One of the central claims is that shale gas production in the UK would bring down the price of bills in the UK. After all its claimed that shale gas brought down US gas prices. David Cameron himself was very keen to make this point, and several church groups seem to be backing away from the protests on grounds that it might help reduce fuel poverty.
But nobody, neither protesters nor the media nor the government seems to have paused for a second and fact checked. Did shale gas really bring down the price US wholesale gas prices?
The truth about US Gas prices
Below in figure 2 is the US Wholesale gas prices trend over the last few years. As you can see gas prices rose steadily over the summer and then autumn of 2007, before dropping dramatically after the financial crisis hit to reach its nominal historical levels.This spike in prices is probably due to events back in the winter of 05/06, when a combination of a cold winter and hurricane damage to gas facilities in the gulf of Mexico almost led to the US running out of gas. Inevitably the spiv’s and speculators in Wall Street began speculating the same would happen again in the lead up to the 07/08 winter…until the economy fell off a cliff and they were sent running for cover. In figure 3 is the rate at which shale gas came on stream (from David Hughes (2013), based on EIA data). As one can see the major drop in price occurred well before the bulk of the ramp up of US shale gas. So even at first glance its something of a dubious assumption to suggest that shale gas brought down gas prices. Indeed as I mentioned before, the ramp up of shale gas went well ahead of projections from the DoE, making it dubious to suggest that the markets somehow predicted it all in advance and cut prices.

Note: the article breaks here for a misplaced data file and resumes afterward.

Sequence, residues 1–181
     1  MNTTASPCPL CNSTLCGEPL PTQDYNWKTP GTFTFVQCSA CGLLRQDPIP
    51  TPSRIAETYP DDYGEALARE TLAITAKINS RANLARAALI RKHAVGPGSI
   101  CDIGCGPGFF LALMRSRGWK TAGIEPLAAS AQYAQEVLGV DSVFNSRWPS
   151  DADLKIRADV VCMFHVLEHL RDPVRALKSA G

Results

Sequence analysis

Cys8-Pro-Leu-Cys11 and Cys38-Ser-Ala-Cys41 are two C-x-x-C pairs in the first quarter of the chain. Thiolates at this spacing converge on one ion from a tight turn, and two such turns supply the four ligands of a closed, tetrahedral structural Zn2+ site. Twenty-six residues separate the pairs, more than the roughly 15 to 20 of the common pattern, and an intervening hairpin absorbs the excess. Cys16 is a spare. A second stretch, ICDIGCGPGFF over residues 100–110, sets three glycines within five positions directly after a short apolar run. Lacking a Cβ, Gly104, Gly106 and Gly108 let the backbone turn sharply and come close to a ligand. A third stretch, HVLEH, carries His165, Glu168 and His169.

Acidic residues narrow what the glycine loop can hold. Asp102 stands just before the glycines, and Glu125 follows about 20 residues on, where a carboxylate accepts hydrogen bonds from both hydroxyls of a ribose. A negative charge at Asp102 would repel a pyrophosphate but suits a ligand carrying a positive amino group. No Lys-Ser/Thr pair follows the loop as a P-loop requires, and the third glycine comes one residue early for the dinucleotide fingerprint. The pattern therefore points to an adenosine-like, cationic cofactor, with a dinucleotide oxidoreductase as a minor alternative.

Also its worth remembering that shale gas is not particularly “cheap” as gas comes. David Hughes, has pointed out that many US shale gas plays aren’t economic. As I mentioned in a previous article, Arthur Berman (a well known “insider” within the industry) has shown that many US gas plays are selling shale gas at below the market price. One has to question how dumping a lot of relatively expensive gas on the market is supposed to bring down prices.
Its also worth remembering at this point that Shale gas represents only around about 37% of US gas supply (as I calculated here). The rest is conventional gas production, often linked to oil production (hence its price tends to fluctuate with the oil price) and imports. Indeed in the wake of the 2005 spike there was a major effort to increase facilities to handle gas imports, notably via pipelines from Canada and the LNG route. This probably had a much more significant impact on US gas prices as it effectively connected the US with cheaper gas overseas, notably from the Middle East region and Australia.
I’m not suggesting that shale gas has had no influence on the US gas market, clearly it has increased domestic supplies of gas (indeed, imports via LNG are now down significantly) and probably helped to avoid a ramp up of prices as the economy rebounded. But it certainly isn’t the sole factor determining prices. Gail Tverberg over on the “our finite world” blog discusses numerous other factors influencing US gas prices, such as a lack of storage capacity (forcing companies into a use it or loose it position) and a lack of take up by consumers, likely due to the weak state of the economy.
Suffice to say its better to look at the gas market as a concert orchestra, with Shale gas being one of the guys at the back with a Tuba. Claiming he’s responsible for all the music (as supporters of Shale gas will attempt to do) is to ignore the bigger picture. Then again, I’ve long pointed to the inability of climate deniers (who tend to be the same people as shale gas promoters) to interpret a graph and correlate issues of cause and effect.
High noon for US shale gas
But how long will any influence shale gas has on US gas prices last?